Thursday, December 30, 2010

Watching and Waiting For a Return to Innocence

It has not escaped our attention, or that of our readers, that our last post was over a year ago, when it first became evident that New Yorkers would lose their voting system and have it replaced by a software-based system that our legal system is incapable of regulating. We called that post "The End of Innocence" and it covered quite a lot of ground.

There hasn't been a need to post anything more since then; we would just be repeating ourselves. We've met with the powers that be in both houses of the State Legislature responsible for making election law, and they have taken our suggestions under advisement. No laws have been passed to verify election results. But we've seen lots of interest in the National Popular Vote (NPV), Instant Runoff Voting (IRV) and other practically unverifiable voting methods. Even Internet voting!

Perhaps in light of the state's highest court's Dec. 20th denial of a hand count in the NY State Senate District 7 race in which computers -- rather than voters -- determined which party will control the Senate, it's time for a quick review of how we got here.

New York has become the Florida of the Northeast when it comes to elections, or perhaps worse since we don't even attempt to count thousands of undervotes reported by the ballot scanners. Our new machines don't even warn voters of the effect of casting overvotes, which Florida has corrected after their unfortunate 2008 experience.

There is plenty of blame to go around so we've tried to summarize it for your convenience as we keep watching and waiting for a Return to Innocence. Those who are responsible for our current situation know who they are, although they may be in denial about it.

Here's what happened:

1. New York has a history of paper ballot fraud (Tammany Hall) which lever machines were effectively designed to prevent. We don't trust PEOPLE or PAPER unless they can be watched. We do trust machines that can be locked against tampering, observed when opened, and that work on simple observable mechanical principles such as gravity, and that can't switch votes during elections the way software can. They are part of a voting system and a legal system designed to prevent fraud. Reinventing that system to deal with computers is a lot harder than most people think. In fact, it's never been done!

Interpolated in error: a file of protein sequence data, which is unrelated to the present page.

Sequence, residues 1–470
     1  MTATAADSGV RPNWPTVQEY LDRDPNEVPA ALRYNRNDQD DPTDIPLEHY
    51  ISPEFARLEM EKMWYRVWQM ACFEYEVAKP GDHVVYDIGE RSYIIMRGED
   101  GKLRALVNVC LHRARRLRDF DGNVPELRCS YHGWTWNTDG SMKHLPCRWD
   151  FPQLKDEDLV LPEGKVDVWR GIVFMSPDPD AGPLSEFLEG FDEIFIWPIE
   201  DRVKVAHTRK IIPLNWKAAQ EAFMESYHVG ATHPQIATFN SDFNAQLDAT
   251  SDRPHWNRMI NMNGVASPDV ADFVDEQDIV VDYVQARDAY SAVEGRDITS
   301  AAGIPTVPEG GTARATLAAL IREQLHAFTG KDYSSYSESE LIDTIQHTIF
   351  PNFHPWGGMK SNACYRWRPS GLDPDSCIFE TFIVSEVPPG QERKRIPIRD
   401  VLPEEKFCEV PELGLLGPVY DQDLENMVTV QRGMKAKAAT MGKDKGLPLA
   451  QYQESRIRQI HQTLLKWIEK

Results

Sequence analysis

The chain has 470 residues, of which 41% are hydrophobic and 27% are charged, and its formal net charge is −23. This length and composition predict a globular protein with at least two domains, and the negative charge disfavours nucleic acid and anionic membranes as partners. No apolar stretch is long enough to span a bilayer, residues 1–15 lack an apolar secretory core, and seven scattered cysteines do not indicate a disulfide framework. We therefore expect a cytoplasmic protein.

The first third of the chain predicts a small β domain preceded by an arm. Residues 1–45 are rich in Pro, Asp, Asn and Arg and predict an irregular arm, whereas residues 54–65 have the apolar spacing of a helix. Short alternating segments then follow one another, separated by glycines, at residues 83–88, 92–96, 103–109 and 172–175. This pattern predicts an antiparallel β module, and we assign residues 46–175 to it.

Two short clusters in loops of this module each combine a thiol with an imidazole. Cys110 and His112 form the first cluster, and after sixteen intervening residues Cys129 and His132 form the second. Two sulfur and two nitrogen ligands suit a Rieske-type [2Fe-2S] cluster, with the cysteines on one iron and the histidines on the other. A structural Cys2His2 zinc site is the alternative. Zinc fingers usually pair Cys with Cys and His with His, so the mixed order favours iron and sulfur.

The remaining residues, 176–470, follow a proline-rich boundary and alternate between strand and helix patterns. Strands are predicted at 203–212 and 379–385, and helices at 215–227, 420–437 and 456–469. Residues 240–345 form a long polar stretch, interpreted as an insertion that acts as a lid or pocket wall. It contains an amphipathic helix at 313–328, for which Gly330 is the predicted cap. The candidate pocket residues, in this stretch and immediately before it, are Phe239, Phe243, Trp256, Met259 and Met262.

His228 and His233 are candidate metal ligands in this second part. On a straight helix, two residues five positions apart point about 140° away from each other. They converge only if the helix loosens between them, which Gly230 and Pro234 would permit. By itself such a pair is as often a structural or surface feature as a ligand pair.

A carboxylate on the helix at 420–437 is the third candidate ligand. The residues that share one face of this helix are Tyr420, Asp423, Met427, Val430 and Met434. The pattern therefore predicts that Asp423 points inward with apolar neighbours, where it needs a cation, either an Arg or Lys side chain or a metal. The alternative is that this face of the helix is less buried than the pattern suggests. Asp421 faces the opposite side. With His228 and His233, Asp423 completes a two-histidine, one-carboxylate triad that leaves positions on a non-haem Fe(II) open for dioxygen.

2. Over the last several years, our public officials have heard very little from New York's precinct-count optical scanner (PCOS) advocates and "good-government" groups about the need for software-independent elections (software-independent voting systems are only the beginning!). The opinions of National Institute of Standards and Technology experts and other computer scientists about the need not to trust software, the ineffectiveness of the "certification" of software, BUGS in New York's actual voting system software, etc. have never been widely disseminated except in testimony to a few legislative committee members by people such as us and a few election officials, and on Internet mailing lists and blogs not read by the general public. We're sorry to say there are very few of us making the case against allowing computers to "decide" election results. We are unfunded and practically alone. Compared to the push for Instant Runoff Voting, National Popular Vote, and even PCOS itself, we are voices in the proverbial wilderness. And that's a shame.